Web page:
So many secret disappointments and betrayed visions accumulate over the years and bear down upon the consciousness of people who may not even know the source of their dismay. In the culture of Israel, this burden is perhaps the very idea of Israel itself, as if people—at least, some people—were haunted by a vision of what Israel was supposed to be but, in the nature of things, never could become.

This weight of feeling clouds, yet ultimately defines, Past Continuous, an Israeli novel of great distinction which was first published in 1977 and has now been put into fluent English. (But with one “concession” to American readers: the occasional paragraphing of what in the Hebrew text is an unbroken flow of language.) I cannot recall, these past several years, having encountered a new work of fiction that has engaged me as strongly as Past Continuous, both for its brilliant formal inventiveness and for its relentless truth-seeking scrutiny of the moral life. While a difficult book requiring sharp attentiveness on the part of the reader, it still satisfies traditional expectations that a novel should lure one into an imaginary “world.”

Until this book Yaakov Shabtai had been an Israeli literary figure of middle stature. A tremendous breakthrough, which can be compared to that of Faulkner when he moved from his early novels to The Sound and the Fury, occurred in Shabtai’s middle age, the kind of breakthrough that becomes possible when a writer gains possession of his own culture, uncovering its deepest sentiments and secrets. Shabtai died of heart disease in 1981 at the age of forty-seven, leaving behind another unfinished novel that has been published in Hebrew, but not yet translated into English.

The opening pages of Past Continuous plunge us into a bewildering mixture of fact, memory, reflection. A voice speaks, and it is of an omniscient narrator who seems in complete control. Nothing can be heard or seen except through its mediation. Neither colloquial nor very eloquent, it is self-assured, exhaustive. It records; it quietly corrects both itself and the book’s characters; and, although rarely, it keens over their fate. Above all, this voice tries to get things exactly right, as if some higher power had assigned it the obligation of making final judgment.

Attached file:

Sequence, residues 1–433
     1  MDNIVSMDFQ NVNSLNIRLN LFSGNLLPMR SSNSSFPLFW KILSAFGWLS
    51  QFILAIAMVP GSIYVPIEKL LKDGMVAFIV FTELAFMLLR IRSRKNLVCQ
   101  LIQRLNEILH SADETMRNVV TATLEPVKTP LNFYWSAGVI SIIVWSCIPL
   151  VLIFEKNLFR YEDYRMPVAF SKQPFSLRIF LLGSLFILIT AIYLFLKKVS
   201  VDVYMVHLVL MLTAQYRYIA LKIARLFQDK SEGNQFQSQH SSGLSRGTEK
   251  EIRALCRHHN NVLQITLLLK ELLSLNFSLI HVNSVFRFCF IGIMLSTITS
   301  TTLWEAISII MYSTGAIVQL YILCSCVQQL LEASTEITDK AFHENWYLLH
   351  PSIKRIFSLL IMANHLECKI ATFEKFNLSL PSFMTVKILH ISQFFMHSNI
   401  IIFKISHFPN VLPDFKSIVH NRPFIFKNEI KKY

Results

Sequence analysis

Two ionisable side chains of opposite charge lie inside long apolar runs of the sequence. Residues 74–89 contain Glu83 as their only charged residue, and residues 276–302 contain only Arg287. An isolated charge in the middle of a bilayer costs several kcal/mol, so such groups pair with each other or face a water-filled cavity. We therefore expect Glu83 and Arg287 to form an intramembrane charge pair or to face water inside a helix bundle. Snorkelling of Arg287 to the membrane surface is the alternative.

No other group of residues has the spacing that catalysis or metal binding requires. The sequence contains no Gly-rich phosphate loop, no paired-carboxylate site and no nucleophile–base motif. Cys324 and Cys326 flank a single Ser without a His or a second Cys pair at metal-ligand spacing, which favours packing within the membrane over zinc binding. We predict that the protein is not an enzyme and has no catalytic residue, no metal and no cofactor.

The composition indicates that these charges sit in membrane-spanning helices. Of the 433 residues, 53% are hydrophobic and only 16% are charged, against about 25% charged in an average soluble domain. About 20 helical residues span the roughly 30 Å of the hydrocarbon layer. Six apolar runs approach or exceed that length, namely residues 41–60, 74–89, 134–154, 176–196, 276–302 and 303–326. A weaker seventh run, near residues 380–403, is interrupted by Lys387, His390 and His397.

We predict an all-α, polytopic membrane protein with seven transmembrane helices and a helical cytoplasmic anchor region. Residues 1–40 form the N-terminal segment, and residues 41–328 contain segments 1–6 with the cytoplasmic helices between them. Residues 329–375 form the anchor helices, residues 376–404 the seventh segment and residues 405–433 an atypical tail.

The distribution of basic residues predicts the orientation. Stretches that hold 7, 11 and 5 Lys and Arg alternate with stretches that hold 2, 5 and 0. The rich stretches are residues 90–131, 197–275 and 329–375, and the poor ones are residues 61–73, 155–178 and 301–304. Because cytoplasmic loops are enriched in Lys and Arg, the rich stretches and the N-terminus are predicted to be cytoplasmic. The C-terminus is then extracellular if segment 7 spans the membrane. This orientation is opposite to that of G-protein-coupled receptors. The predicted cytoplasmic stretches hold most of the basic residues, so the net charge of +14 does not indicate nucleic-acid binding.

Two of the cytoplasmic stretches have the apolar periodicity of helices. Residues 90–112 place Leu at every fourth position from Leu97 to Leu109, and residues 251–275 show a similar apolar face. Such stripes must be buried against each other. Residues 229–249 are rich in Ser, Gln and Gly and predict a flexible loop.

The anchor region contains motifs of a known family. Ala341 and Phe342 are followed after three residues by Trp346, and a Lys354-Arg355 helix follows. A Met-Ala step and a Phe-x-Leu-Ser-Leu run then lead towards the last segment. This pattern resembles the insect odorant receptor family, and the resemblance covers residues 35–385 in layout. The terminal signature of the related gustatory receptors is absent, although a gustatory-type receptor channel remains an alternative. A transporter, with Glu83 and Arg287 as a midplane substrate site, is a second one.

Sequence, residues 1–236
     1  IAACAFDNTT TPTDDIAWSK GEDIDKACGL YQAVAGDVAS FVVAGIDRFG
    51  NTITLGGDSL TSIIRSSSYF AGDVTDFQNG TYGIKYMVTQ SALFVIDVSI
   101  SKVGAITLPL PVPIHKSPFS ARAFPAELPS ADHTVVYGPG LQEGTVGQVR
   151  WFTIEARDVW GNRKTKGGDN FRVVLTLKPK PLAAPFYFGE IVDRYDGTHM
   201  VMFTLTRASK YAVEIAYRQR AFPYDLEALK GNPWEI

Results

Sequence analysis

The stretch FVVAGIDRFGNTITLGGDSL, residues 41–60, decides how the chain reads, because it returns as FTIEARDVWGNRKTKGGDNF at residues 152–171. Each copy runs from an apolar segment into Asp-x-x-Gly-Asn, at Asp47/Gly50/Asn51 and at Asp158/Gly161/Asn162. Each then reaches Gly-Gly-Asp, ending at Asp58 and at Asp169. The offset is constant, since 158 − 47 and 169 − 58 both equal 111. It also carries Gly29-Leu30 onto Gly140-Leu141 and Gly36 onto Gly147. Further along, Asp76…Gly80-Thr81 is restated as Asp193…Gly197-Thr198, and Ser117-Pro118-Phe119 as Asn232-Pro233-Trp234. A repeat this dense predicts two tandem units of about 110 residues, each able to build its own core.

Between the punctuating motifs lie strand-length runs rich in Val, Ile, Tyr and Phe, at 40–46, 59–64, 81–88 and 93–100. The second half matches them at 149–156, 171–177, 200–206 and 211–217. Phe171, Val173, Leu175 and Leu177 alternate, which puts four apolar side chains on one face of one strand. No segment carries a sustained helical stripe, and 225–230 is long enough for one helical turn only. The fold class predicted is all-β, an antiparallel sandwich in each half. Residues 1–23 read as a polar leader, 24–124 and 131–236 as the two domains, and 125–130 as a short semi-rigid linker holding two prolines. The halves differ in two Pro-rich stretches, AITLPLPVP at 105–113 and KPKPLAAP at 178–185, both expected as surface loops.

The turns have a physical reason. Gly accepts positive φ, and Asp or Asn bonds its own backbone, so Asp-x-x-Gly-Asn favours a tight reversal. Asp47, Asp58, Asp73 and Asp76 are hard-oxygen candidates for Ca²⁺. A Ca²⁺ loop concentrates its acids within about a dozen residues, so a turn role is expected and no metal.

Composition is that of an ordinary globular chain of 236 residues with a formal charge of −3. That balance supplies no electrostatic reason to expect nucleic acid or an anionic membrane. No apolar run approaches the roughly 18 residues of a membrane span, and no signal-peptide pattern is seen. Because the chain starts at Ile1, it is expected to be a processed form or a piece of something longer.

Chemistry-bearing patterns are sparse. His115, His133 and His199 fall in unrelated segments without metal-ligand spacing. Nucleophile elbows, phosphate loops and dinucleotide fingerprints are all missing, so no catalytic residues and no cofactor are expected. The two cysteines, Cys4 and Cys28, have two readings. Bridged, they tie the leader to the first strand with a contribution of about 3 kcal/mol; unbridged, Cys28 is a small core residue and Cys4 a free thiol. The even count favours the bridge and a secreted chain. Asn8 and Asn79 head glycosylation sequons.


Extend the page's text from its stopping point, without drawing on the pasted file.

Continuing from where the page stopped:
The opening sentence—“Goldman’s father died on the first of April, whereas Goldman himself committed suicide on the first of January”—sets the bounds of time and the tone for all to follow. The present in Past Continuous consists of the months between the deaths of father and son, with the speaker, whose identity we don’t yet know but whose authority we accept, leading us back, through his own associations of event and impression, to events in the past. As the relatives and friends of Goldman’s father, Ephraim, gather after the funeral, there begins an unraveling of shared memories. The local detail is very dense, matted into synoptic vignettes of the characters’ lives. There are dozens of characters, though strictly speaking they are glimpsed rather than developed. Shabtai offers only sparse physical descriptions of these people, yet one soon comes to feel that one “knows” a good many of them, for his is an art of the representative, an art of the group. A community is releasing its experience, a generation is sliding toward extinction: the community, the generation of “labor Israel,” socialist Zionism, which was central in the creation of the young country but has by now—say, the late 1970s—succumbed to old age and debility. If there can be such a thing as a collective novel, then Past Continuous is one.

The book takes off from one of the conventions of Western literature: a myth of historical and moral decline. By no means (and this is worth stressing) should it be taken as a straight account of Israel’s recent condition. It offers something more complex and ambiguous: a voice of the culture quarreling with itself, an evocation of buried yearnings and regrets, a social elegy whose tone is somber and unsentimental. Like Faulkner, Shabtai subjects to merciless scrutiny the very myth upon which his book rests and to which he seems residually attached. The griefs weighing upon his characters may thereby, perhaps, be unpacked and allowed to settle in the calm of memory.